United States of America, Plaintiff-appellee, v. Craig Paul Romero, Defendant-appellant, 603 F.2d 640 (7th Cir. 1979)

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U.S. Court of Appeals for the Seventh Circuit - 603 F.2d 640 (7th Cir. 1979) Argued Jan. 19, 1979. Decided Aug. 2, 1979

Timothy Paridon, Belleville, Ill., for defendant-appellant.

James R. Burgess, U. S. Atty., Robert L. Simpkins, Asst. U. S. Atty., East St. Louis, Ill., for plaintiff-appellee.

Before SWYGERT and CUMMINGS, Circuit Judges, and CROWLEY, District Judge.1 


The question in this appeal is whether the district court committed error by permitting the Government to prove that the defendant had been convicted of more than one prior felony under a charge that the defendant had possessed a firearm in violation of 18 App. U.S.C. § 1202(a) (1).2  We hold that the district judge did commit error but that under the circumstances of this case, the error was harmless. Chapman v. State of California, 386 U.S. 18, 87 S. Ct. 824, 17 L. Ed. 705 (1967).

On November 8, 1977 Fred Donini, a special agent of the Illinois Division of Investigation, and an informant, Frank Crockett, drove to Cahokia, Illinois, and went to the trailer residence of defendant Craig Paul Romero, where they found Romero in his front yard. Donini and Crockett accompanied Romero inside the trailer.

The purpose of the visit to Romero's residence was to purchase a firearm. Crockett told Romero that he and Donini had just come from California where they had engaged in various burglaries and armed robberies. Crockett told Romero that he wanted to purchase a weapon and asked Romero if he had any guns. Romero then asked if a nine-millimeter-weapon would suit their purpose. Romero opened a chest of drawers and pulled out a brown paper bag which contained a 32-caliber revolver. Romero handed the revolver to Crockett who unloaded the weapon and examined it. Crockett paid Romero $50.00 for the revolver. (The 32-caliber revolver which Crockett and Donini purchased from Romero had previously been shipped in interstate commerce from Florida to California, and from California to Cahokia, Illinois.)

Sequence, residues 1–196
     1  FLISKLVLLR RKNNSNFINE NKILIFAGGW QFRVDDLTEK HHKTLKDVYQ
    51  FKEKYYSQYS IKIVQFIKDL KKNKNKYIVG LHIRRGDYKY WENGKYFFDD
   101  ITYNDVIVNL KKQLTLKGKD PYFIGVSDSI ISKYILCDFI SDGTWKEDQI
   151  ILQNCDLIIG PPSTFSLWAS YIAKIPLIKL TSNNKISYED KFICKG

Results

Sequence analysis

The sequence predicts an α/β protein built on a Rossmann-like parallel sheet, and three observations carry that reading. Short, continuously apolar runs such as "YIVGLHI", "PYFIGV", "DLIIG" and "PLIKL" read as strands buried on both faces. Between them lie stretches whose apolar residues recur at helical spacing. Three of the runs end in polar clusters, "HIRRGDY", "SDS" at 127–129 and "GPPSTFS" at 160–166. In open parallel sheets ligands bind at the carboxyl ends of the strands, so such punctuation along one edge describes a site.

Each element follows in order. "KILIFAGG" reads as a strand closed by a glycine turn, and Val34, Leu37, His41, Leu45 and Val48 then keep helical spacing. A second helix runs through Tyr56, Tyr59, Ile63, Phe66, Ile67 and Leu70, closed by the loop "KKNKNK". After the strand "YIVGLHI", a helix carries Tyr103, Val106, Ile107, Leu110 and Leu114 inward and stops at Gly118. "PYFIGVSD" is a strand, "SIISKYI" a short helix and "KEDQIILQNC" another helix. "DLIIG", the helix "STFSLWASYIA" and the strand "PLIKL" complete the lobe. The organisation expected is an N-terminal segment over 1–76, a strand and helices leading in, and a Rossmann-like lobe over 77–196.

The Government introduced evidence that Romero had been convicted of felony-burglary in 1967 in Illinois and that he had been convicted of a felony-theft in 1973. Over objection, the Government also was permitted to show that in 1973 Romero had been convicted of a felony in the Eastern District of Illinois for dealing in firearms without a license and for the transfer of a firearm to a resident of another state.

The Government contends that 18 U.S.C. App. § 1202(a) (1) permits proof of more than one prior felony conviction for jurisdictional purposes. We disagree. The statute speaks of "a" prior conviction, not one or more. The Government cites United States v. Burkhart, 545 F.2d 14 (6th Cir. 1976), and United States v. Smith, 520 F.2d 544 (8th Cir. 1975), to support its position. Both the Eighth and Sixth Circuits held in these cases that the Government was not limited to establishing only one prior conviction. In United States v. Barfield, 527 F.2d 858 (5th Cir. 1976), however, the court assumed arguendo that "the Government may prove only one (prior) conviction under normal circumstances," ultimately holding that a curative instruction erased the error.